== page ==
This section describes all the manuscripts that preserve all or part of one or more of the texts edited in this book. In a study of this nature, one is continually indebted to the work of N. R. Ker, in particular his Catalogue of Manuscripts Containing Anglo-Saxon (Oxford, 1957). This chapter, designed to be used in conjunction with Ker's Catalogue, will focus purely on the relevant folios relating to the texts here edited. The manuscript sigla used throughout are based primarily on Godden (1979)(1) with some necessary modifications. For points of major palaeographical interest relating to the manuscripts see the appropriate Notes.
C= Cambridge, MS Corpus Christi College 303.
E= Cambridge, MS Corpus Christi College 198.
J= British Library, MS Cotton Julius E. vii (Pope's W).
L= Cambridge, University Library, MS Ii.i.33.
M= Oxford, Bodleian, MS Laud Misc. 381 (new siglum required as not used by Godden).
O= British Library, MS Cotton Otho B. x (Godden's fi).
P= Oxford, Bodleian, MS Hatton 115 (5135).
Q= Cambridge, Queen's College, MS Horne 75 (new siglum required as not used by Godden or Pope).
R= Cambridge, MS Corpus Christi College 178.
V= British Library, MS Cotton Vitellius D.xvii (Godden's fk).
A = Assmann's edition (1889).
Sk = Skeat's edition in Lives of Saints (1966).
W = H. Wanley, Librorum Veterum Septentrionalium Catalogus, in G. Hickes, Linguarum Veterum Septentrionalium Thesaurus (Oxford, 1705).
C= Cambridge, Corpus Christi College, MS 303, pp. 341-62 (Ker, 1957, #57, pp. 99105)
Dated by Ker as originating from the early part of the twelfth century, this manuscript contains a selection from both series of Ælfric's Catholic Homilies, together with some other works. Pages 34162 contain all of the Maccabees and the more complete version of Judith (ll. 1329). The text, appearance, and format of these pages is the same as for the whole manuscript. This is the base manuscript for Judith.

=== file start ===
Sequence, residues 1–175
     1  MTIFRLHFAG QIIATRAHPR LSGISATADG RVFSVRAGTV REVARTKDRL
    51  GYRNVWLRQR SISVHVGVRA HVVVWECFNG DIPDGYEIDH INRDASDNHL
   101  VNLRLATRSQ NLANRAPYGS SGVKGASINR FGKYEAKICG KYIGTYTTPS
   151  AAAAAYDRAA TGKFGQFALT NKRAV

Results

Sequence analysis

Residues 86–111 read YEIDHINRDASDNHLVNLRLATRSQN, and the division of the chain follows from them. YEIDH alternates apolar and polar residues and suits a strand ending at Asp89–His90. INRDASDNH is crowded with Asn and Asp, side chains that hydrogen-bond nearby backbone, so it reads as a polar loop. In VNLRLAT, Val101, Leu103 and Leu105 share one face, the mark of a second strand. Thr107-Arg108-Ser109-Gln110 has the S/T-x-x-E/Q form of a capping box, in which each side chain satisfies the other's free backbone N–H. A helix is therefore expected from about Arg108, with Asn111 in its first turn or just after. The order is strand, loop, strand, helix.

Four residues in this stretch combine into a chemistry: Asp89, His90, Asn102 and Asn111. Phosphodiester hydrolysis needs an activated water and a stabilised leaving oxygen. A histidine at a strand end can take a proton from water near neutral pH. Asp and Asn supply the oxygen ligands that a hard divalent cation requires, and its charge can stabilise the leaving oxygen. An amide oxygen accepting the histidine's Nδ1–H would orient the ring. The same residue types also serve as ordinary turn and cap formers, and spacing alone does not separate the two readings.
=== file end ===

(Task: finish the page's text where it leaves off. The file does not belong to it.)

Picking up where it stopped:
E= Cambridge, Corpus Christi College, MS 198, ff.328-42v (Ker, 1957, #48, pp. 7682)
This manuscript contains a collection of homilies written in the early eleventh century (ff. 1-149, 160-217, 248-87); additional homilies, probably contemporary (ff. 150-9, 218-47, 288-321r, 328-66, 378-94); and homilies inserted in the later part of the eleventh century (ff. 321v, 322-27, 367-77). All the lines of the Maccabees are contained on ff. 328-42v(2), beginning Æfter ðam ðe.... A capital Æ is offset in the margin at the beginning of the text, and at the top of the folio there is the additional title of Reliquiæ libri Machabeorum. Each folio contains twenty-six lines of script, with the hand being that of the sixth scribe identified by Ker, i.e Anglo-Saxon minuscule of the square type. There are interlinear glosses throughout in the tremulous hand. Punctuation is by the punctus, with twelve chapter divisions in Roman numerals, e.g. f. 331r, l. 19. Note also a paragraphus on f.337r and f.340r; and crist on f.339v at l.19 is given a capital c set into the left hand margin. The ruling is not visible, but appropriate pricking appears down the margins of each leaf.
J= British Library, MS Cotton Julius E. vii, ff.139v53 (Ker, 1957, #162, pp. 20610)
This is one of the major manuscripts containing Ælfric's Lives of Saints series(3). Folios 139v153 of the manuscript contain the complete Maccabees. They are clearly written as part of the manuscript as a whole and conform to all the observations made by Ker. This is the base manuscript for the Maccabees.
L= Cambridge, University Library, MS Ii.i.33, ff.18593v (Ker, 1957, #18, pp. 2327)